Pollini S/S 2009, photo by Nick Ponton
Each season fashion week goes off without a hitch and we are none the wiser to the work that goes on prior to those fleeting moments on the catwalk. Months of dedication and planning are poured into each and every successful runway show and the force behind many of our favorite designer’s showings is none other than Monicka HanssenTéele, the CEO of MHT Productions. With a clientele that encompasses the best and brightest of fashion – Calvin Klein, Valentino, Ungaro – and over a decade of experience creating seamless shows and events, Monicka is an unquestioned leader in her field. MDC catches up with the powerhouse on a rare free moment to discuss her unique career and all that happens behind the scenes.
Monicka HanssenTéele | Photo Betty Sze for MODELS.com
MHT: There is — I played for three years.I grew up in Norway, went to university in Paris and it was there that I was a professional soccer player on Paris Saint-Germain.
How did you transition from that and into fashion?
MHT: I moved to New York and was introduced to Calvin through a friend. Things just started from there.
How do you prepare for something as multi-faceted as creating fashion shows?
MHT: I studied interior design, but that doesn’t really encompass all that I do. This represents a culmination of all I have learned over the years. I was my dad’s handyman and helped him build houses at home – I learned more that way. In order to do this job you have to be extremely organized and be able keep 10 things in your head at once.
You worked on the production at Calvin Klein in-house for several years. What made you decide to start your own company?
MHT: It all came together after 9 years – it was time. It was time to do something different, something more and expand to a broader clientele.
How do you begin the process of bringing a designer’s show to life?
MHT: We start very early to discuss the concepts. We begin to do research and then we choose materials, create 3-D renderings and then we come to a solution. With some of the clients I start to work with them on the next season as soon as the previous season finishes. By the time it’s February we’re already thinking about September. Then there are times when the client might decide two days before the show to change everything. We are involved in every aspect of the production – the set, the lighting, the video, the hiring of hair and makeup – everything to do with the show. It’s all-encompassing.
Are there certain people who you choose to work with time and again?
MHT: It depends on the situation. As much as possible, I work with the same lighting designers, sound designers and staging crews, and we have long track records of collaboration together. But it’s also true that you sometimes have to make adjustments, or source new vendors in reflection of a certain budget. The history becomes important though, because sometimes we manage to be able to help out the younger designers because we all work so much together – ultimately, it means that we can bring that level of talent to the production of a new designer’s show.
You work with a variety of clients from a large corporation like the GAP to a fresh designer like Jen Kao. What would you say is the difference between working for a larger client and a smaller one?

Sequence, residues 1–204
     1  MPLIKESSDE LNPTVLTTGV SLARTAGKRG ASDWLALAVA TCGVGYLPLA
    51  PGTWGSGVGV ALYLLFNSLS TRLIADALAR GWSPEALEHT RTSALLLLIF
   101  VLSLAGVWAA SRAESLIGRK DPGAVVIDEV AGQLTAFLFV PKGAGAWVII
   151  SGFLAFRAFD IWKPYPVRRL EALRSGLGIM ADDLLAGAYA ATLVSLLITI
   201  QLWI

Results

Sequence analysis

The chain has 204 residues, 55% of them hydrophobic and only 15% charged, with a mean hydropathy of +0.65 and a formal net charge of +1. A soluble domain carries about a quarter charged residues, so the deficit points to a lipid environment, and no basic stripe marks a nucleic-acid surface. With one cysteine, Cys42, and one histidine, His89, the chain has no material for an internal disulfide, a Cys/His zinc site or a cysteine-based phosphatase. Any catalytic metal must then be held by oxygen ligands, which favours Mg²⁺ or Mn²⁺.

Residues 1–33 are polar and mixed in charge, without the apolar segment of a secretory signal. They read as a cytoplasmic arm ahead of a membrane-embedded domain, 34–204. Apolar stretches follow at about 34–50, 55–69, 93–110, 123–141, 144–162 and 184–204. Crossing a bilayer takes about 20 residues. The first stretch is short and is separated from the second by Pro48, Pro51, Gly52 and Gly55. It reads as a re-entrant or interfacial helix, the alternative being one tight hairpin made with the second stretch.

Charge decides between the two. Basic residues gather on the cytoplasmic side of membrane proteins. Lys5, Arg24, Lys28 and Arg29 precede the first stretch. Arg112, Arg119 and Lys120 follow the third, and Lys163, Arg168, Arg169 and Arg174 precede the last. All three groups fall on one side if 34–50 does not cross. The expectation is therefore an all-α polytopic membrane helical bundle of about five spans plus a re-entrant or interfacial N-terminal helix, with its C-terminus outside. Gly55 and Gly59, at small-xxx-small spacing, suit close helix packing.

MHT: It’s more work with the smaller designers because you end up having a smaller team so you end up personally doing a lot more. With a huge budget, I have massive teams and I can delegate. I get personally involved with all my clients, though – you have to be. If you’re fortunate to have some of the larger clients, it allows you to work with and bring your eye to some of the younger designers, which is great. It allows you to give them the expertise that they can’t really afford just yet. I’ve worked with people like Esteban Cortazar who I’ve known since he was 14 and now he’s the designer at Ungaro. Working with them from the start gives you a chance to see them develop, and we all know that young designers represent the future of fashion.
You have a reputation for being something of a perfectionist – how did you develop your eye?
MHT: I come from the school of Calvin, so that is perfection for me. Minimalism and perfection trains your eye – you cannot have one spot that is out of place. Working with him helped me become really attuned to the smallest of details.
MHT handles a great deal of charity work as well. Why do you feel it’s important to be involved with such causes?
MHT: Personally I think we all have to give back and the cause is really good (Editor’s note: This interview takes place backstage at Jeffrey Cares). I’ve been working with them for five seasons and with this charity is really good because 96% of the money goes to the charity. I always try to have a charity event that I do each and every year.
Do you think the current economic troubles have affected the business of fashion?
MHT: We’re all feeling the recession – everyone is feeling it. I don’t think visually you’re going to notice it right now, but we’re all feeling it.
You’ve had the opportunity to work with so many amazing people, what moments stand out to you as being memorable?
MHT: One of the first shows I worked with was at Steven Spielberg’s house. It was when I first started at Calvin and I was working primarily with celebrities – dressing them for the Oscars or Grammy’s, etc. I did that for three years – it was great, I worked with really lovely people. The fashion show at Spielberg’s house was actually a charity event and every celebrity came to the event – it was more of a sit down lunch at his house on the tennis courts. Last summer I was fortunate enough to work on the Valentino 50th Anniversary and that was pretty amazing as well — if you’ve seen the movie, you know it was quite incredible.